Yesterday began Southwest Wildfire Awareness Week, which runs through April 4. According to New Mexico Fire Information, this year’s theme is “Where We Live, How We Live, Living with Wildfire.” Since it’s always dry here and Smokey Bear was born nearby (in the Capitan Mountains), I feel I should help spread the word about preventing wildfires.
First, there are plenty of smart ways to prevent fires in the wilderness, and most require little more than common sense:
- Foremost, follow posted fire restrictions, and use your head. Today, the wind is gusting to 45 mph and the humidity is 2 percent. That’s right – TWO percent. I wouldn’t have a campfire in the nearby forest or burn my trash. It also means putting out all fires, matches and embers with plenty of water, and having a shovel and dirt handy.
- Around the house, use of string trimmers to cut tall grass can prevent fires from sparks and removing rocks before mowing tall, dry grass helps prevent sparks caused by metal blades hitting the rocks. Chainsaws and dragging items such as tow chains from cars can also start wildfires. Living in a rural area, I’ve seen devastating wildfires started by cigarettes thrown out of windows and cars pulled off the side of the road when their engines broke down or caught fire.
- If you live in an area prone to fire, defend your home before a wildfire starts. Your local Forest Service office or wildfire prevention organization can provide information on landscaping strategies. A few include pruning trees so that lower branches are no less than six feet from the ground, spacing conifers 30 feet between crowns, and removing dead vegetation that is within at least 10 feet of your house.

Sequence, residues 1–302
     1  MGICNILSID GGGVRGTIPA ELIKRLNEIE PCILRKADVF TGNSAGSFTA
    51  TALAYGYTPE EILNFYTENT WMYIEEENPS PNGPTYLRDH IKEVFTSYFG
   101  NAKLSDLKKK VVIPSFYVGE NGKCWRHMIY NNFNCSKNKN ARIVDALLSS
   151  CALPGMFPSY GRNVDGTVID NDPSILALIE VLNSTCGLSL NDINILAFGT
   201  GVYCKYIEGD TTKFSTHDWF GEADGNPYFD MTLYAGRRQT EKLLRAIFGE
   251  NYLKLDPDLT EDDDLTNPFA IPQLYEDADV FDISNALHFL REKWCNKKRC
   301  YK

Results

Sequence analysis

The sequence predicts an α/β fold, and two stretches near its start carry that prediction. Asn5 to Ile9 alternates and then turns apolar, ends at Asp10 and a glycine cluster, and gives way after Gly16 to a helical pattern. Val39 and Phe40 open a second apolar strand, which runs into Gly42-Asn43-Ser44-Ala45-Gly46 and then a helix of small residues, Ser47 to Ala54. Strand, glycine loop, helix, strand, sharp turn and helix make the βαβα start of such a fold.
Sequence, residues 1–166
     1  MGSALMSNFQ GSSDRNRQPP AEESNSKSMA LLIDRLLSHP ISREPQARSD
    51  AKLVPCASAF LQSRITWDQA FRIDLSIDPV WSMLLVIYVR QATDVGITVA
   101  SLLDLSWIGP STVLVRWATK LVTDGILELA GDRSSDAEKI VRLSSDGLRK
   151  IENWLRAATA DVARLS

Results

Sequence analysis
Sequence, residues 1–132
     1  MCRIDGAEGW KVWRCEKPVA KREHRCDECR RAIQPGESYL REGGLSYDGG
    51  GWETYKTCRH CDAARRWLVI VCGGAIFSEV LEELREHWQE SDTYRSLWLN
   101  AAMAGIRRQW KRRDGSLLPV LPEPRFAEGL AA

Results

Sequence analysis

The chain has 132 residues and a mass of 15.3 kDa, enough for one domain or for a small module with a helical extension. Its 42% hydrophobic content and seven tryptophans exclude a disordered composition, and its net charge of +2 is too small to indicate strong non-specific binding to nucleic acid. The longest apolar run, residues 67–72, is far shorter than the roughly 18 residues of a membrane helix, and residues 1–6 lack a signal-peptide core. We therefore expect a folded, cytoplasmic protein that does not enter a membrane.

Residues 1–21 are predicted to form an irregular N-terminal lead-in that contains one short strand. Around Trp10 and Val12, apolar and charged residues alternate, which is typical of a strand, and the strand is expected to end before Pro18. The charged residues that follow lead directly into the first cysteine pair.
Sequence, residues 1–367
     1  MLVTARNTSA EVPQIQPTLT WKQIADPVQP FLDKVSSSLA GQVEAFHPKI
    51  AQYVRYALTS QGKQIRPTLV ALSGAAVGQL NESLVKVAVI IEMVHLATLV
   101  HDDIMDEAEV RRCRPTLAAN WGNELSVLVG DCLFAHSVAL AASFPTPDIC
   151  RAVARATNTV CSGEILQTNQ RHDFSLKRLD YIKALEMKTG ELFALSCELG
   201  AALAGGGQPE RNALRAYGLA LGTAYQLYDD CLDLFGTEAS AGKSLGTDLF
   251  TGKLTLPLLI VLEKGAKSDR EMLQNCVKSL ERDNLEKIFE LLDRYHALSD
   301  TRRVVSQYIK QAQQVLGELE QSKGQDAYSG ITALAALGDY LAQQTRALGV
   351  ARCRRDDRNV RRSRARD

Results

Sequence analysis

- Clean debris such as fall leaves and pine needles from your garden and from decks, gutters and patio areas.
- Avoid stacking (or move) firewood within about 30 feet of your home. Keep your lawn mowed, and your ornamental bushes and plants cleaned up, trimmed and healthy. If they take too much water, consider switching to xeriscaping.
There are plenty more strategies to use, and this guide from Firewise.org has some great ideas for landscaping and construction. Firewise also maintains a list of native plants by state that are less prone to fire or wiser in dry landscapes.
It’s tough to thin trees for many homeowners, especially those who own mountain homes in the cool pines to get away from hotter climates, or people who have chosen to retire near national parks and forests. But we can’t control lightning strikes and wind from Mother Nature, or negligent behavior of others.